Sunday, September 25, 2016

Common Names--Too Many Choices

Since people have been using plants "forever" you'd think plants would have long ago gotten generally-agreed-upon common names. But that is not the case. The internet is revealing that across the U.S. we call the same plant by many different names (earlier post). 

It is not the internet's fault, of course. We've been calling plants by different names all along, but now, instead of digging in my local plant identification book, I google the plant and come up with a series of different responses. For example Lithospermum incisum came up on the USDA plants list as narrowleaf stoneseed, at Lady Bird Johnson Wildflower Center as golden puccoon. and on as fringed gromwell. 

fringed puccoon, Lithospermum incisum
narrowleaf stoneseed, golden puccoon,
fringed gromwell, Lithospermum incisum

Lots of plants do give me a single common name, for example small soapweed, wild bergamot and bur oak.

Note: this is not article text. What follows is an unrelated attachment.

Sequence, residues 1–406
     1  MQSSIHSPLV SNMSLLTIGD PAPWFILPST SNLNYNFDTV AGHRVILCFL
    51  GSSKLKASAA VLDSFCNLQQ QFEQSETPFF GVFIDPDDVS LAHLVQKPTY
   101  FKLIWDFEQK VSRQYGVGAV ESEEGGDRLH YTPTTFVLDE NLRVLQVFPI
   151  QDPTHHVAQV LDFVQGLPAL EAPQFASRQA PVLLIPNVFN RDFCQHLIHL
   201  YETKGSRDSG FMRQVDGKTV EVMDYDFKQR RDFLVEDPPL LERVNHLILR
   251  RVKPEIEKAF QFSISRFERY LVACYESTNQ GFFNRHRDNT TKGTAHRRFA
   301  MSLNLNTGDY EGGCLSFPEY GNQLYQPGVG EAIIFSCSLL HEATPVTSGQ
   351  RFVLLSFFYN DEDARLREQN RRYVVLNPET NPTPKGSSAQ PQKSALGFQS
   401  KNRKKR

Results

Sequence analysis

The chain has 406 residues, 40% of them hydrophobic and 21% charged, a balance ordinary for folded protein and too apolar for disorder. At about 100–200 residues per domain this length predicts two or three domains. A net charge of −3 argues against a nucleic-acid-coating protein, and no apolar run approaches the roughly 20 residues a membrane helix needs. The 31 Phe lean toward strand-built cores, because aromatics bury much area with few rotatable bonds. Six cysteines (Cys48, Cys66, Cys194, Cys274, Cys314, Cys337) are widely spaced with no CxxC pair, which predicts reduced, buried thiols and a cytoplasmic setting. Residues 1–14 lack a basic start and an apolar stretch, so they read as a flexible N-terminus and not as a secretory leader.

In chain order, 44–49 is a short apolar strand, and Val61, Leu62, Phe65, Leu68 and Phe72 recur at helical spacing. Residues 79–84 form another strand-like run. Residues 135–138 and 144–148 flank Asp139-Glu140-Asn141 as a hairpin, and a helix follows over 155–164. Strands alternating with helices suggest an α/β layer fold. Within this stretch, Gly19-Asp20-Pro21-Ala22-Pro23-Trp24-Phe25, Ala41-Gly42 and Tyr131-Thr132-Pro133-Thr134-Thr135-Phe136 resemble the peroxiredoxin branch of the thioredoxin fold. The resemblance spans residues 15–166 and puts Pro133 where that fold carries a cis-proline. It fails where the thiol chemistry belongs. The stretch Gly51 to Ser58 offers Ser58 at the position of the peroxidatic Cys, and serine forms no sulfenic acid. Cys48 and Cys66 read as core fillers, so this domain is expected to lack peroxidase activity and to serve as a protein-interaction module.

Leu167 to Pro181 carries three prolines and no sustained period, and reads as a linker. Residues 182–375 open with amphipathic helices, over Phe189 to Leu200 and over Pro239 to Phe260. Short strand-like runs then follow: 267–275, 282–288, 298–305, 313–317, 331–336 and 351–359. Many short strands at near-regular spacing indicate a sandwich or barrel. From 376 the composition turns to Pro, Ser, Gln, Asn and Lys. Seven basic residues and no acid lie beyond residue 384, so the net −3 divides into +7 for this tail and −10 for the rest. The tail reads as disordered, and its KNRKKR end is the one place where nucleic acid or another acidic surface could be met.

small soapweed Yucca glauca
small soapweed (Yucca glauca)
But too many, like narrowleaf stoneseed/ golden puccoon/ fringed gromwell, have multiple unrelated names, making identification and communication difficult.

Science handled this 260 years ago by creating a scientific name for every plant and requiring that there be only one scientific name per plant. Thus I can write Lithospermum incisum unambiguously. There is no such rule for common names, so I might need to give several common names so my readers recognize the plant. I can't and don't expect everyone who enjoys plants to learn their scientific names. I struggle to communicate through a maze of diverse common names.

Why is there this problem?

It likely goes back to a principle I observed long ago in computer program development: no two people do things exactly the same way. Applied to plants, no two groups will choose all the same common names. 

How were plant names created? By people needing to refer to a plant and have other people understand. The names for some plants are surprisingly recent. The Europeans who came to North America encountered some 30,000 new plants and created English names for them. In addition, over the last 500 years, plants from all over the world have been introduced to North America, intentionally and unintentionally, all of them needing names that Americans recognize.
American native wildflower...somebody in the last 500
years created an English name for it
Since there are no rules to common names, everyone has been free to invent whatever they like. Of course that led to variety! Of course different people's name choices became standard in differnt areas.